She paused, holding the pot.
“Darling, I just realized I don’t even know how you take your tea.”
“Don’t feel bad, I barely know how I take my tea myself.”
“One lump or two?” she asked. “Or honey?”
“What the heck, let’s go with honey. One teaspoonful.”
“That’s exactly how I take it,” she said.
She fixed our tea. I lifted my cup and tasted it: pretty good, actually.
“You like it?” she asked. “Tommy blends it himself. Assam and something else. And sometimes, yes, laudanum. But this —” she licked her lips appraisingly, “seems to be un-spiked. Or, if it is, it’s only just a teeny bit spiked.”
She put down her cup and saucer, took one puff from her cigarette and then stubbed it out in a large cut-glass ashtray.
“Here it comes again,” she said.
She was referring to the rain, which started just then with a smattering of fat drops exploding against the screening of the veranda, and which a moment later turned into an utter downpour, turning the outside world a dark streaming and clattering grey. The only illumination was from a handful of windows glowing like dying suns from the other buildings on the plantation, small blotches of dull swimming light in this submerged world.
“This damned rain,” she said. “Do you ever miss home? Philadelphia?”
“No,” I said, “not really.”
It was good to sit here drinking sweetened strong tea, out of the downpour, sitting with this beautiful lady. I took a bite of a sandwich. Chicken salad. And very good.
“This racket,” she said. “This rain. It sounds like all the heavens are crashing down.”
“Don’t worry,” I said. “They’re not.”
“No, of course they’re not.” She put her hand, the one with a wedding ring on it, onto my knee. “You’re so strong, Arnold. So unflappable.”
“Not particularly,” I said. “These people who work on your plantation. They’re strong.”
“Yes, I suppose they are.” She lifted her hand, flexed and unflexed it. “And I suppose you think I’m horribly spoiled.”
“No,” I said.
“I do work you know. I’m up at seven every morning attending to affairs. Tommy oversees the fields and I deal with the house and the ordering and transport and everything else. While Jimmy drinks. Drinks and gambles. Drinks and whores and gambles.” She looked away, out at the downpour beyond the veranda’s screening. It was like being behind a waterfall. “Perhaps I’ve said too much,” she said.
“Oh, no,” I said.
I tried another sandwich. Pork I believe, also excellent.
“I’m horribly unhappy, Arnold. I no longer love Jimmy; and he has never loved me. He married me for my money, I know that now. But if I divorce him my mother will have a cow, an absolute cow. Catholic you know. And my father will be none too happy either, believe me, as Jimmy took all my money and sank it into this hellhole and it’s all in his name and if I divorce him I know he won’t give me a red cent. What should I do?”
I thought about this a moment, chewing my sandwich.
“Could you wait till Jimmy gets really drunk one day and then have him sign the property over to you?”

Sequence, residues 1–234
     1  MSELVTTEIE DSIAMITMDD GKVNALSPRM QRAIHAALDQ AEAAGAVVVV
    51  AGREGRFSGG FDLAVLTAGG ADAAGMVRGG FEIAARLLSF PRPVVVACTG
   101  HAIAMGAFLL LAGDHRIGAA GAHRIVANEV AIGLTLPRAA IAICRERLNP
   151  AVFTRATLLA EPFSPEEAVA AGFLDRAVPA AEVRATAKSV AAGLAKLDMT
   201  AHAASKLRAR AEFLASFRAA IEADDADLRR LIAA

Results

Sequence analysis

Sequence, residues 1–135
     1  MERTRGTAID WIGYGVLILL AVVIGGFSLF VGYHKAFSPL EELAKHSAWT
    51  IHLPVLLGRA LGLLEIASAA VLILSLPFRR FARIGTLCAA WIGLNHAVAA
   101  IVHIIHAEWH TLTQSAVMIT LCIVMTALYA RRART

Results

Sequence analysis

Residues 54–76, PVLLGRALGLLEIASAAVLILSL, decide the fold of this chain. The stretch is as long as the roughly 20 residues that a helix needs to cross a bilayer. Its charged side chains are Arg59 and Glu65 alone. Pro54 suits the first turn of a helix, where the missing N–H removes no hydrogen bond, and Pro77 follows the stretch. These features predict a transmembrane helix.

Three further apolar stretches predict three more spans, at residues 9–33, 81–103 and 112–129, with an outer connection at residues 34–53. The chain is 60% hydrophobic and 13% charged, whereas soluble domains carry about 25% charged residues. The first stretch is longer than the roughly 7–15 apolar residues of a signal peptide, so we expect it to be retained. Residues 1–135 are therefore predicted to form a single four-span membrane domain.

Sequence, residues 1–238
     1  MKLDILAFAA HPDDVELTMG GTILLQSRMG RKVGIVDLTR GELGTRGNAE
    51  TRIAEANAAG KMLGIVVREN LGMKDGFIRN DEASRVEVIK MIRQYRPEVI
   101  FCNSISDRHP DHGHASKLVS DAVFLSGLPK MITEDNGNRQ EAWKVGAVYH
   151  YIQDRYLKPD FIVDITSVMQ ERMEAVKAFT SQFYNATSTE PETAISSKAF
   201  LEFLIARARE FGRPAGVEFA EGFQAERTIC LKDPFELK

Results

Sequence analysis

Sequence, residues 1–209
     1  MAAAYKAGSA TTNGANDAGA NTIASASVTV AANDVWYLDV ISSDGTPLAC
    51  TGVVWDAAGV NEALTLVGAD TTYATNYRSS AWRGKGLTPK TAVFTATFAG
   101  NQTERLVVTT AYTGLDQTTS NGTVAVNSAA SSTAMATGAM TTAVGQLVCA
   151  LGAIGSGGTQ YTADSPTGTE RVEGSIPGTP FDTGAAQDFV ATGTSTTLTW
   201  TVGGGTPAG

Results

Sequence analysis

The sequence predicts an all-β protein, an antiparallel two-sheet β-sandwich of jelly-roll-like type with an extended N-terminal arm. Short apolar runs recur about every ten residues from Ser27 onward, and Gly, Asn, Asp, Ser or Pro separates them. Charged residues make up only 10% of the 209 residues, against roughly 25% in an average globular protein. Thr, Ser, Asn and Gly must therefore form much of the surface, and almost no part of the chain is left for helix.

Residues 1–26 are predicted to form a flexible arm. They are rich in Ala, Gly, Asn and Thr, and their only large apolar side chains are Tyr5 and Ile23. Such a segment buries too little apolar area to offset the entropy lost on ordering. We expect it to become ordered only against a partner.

She held still for a moment, then took a sip of her tea.
She laid the cup and saucer down.
“That’s actually not a bad idea. I could arrange for our lawyer Dr. Rodriguez to be there, all ready with his contracts and stamps and pens. I’m sure he’d be happy to do it. Dr. Rodriguez is slightly in love with me you see.”
There was a small plate of cookies on the tray also, I hadn’t even noticed them before. I started to reach for one but her hand intercepted mine and pulled it to her breast.
“Feel this,” she said. “Can you feel my heart beating.”
I could, actually.
“Yes,” I said.
I started to pull my hand away, but, not only would she not let go of it, she pulled it under her décolletage and placed it on her right breast, all the while staring into my eyes.
“Um,” I said.
“Don’t you want me, Arnold?”
“Well, it’s just that —”
“Your little — friend?”
“Yes,” I said.
She continued to hold my hand on her breast.
“Persephone is it?”
“Elektra,” I said.
“Are you going to marry her?”
“I doubt it,” I said.
"I wouldn't want to inflict myself on her," I said, in all modesty.
"Oh, yes," she said. "This alleged breakdown of yours."
"It's not merely alleged," I said. Her breast was warm, and moist, but I suppose no more warm nor moist than my hand was.
"I don't give a damn about your breakdown," she said. "Pardon my language."
Despite myself I felt those ancient stirrings down below.
“Wait, did you hear something?” she asked.
All I could hear was the clattering rain.
She pulled my hand away from her breast and laid it, my hand, on the table.
I reached over for one of the cookies, it looked like a butter cookie.
“Oh, dear,” she said, looking over my head.
Putting the cookie between my lips and biting into it — it was indeed a butter cookie, crispy and delicious — I turned and saw a large blond-haired fellow in a disheveled and wet white suit come out onto the veranda.
“Hello, Jimmy,” said Mrs. Biddle. “You’re back early. How nice. Do you know Mr. Schnabel?”
(Click here for our next suspenseful chapter. Be so kind as to look to the right hand side of this page, where you will find a listing of links to all other available episodes of Arnold Schnabel’s Railroad Train to Heaven, soon to be a budget-priced paperback manga from Ha! Karate Entertainment Corporation of Yokohama.)
Here’s another version of a great Serge Gainsbourg song, featuring the ever lovely Anna Karina: “Ne dis rien” -- “Don’t say anything”...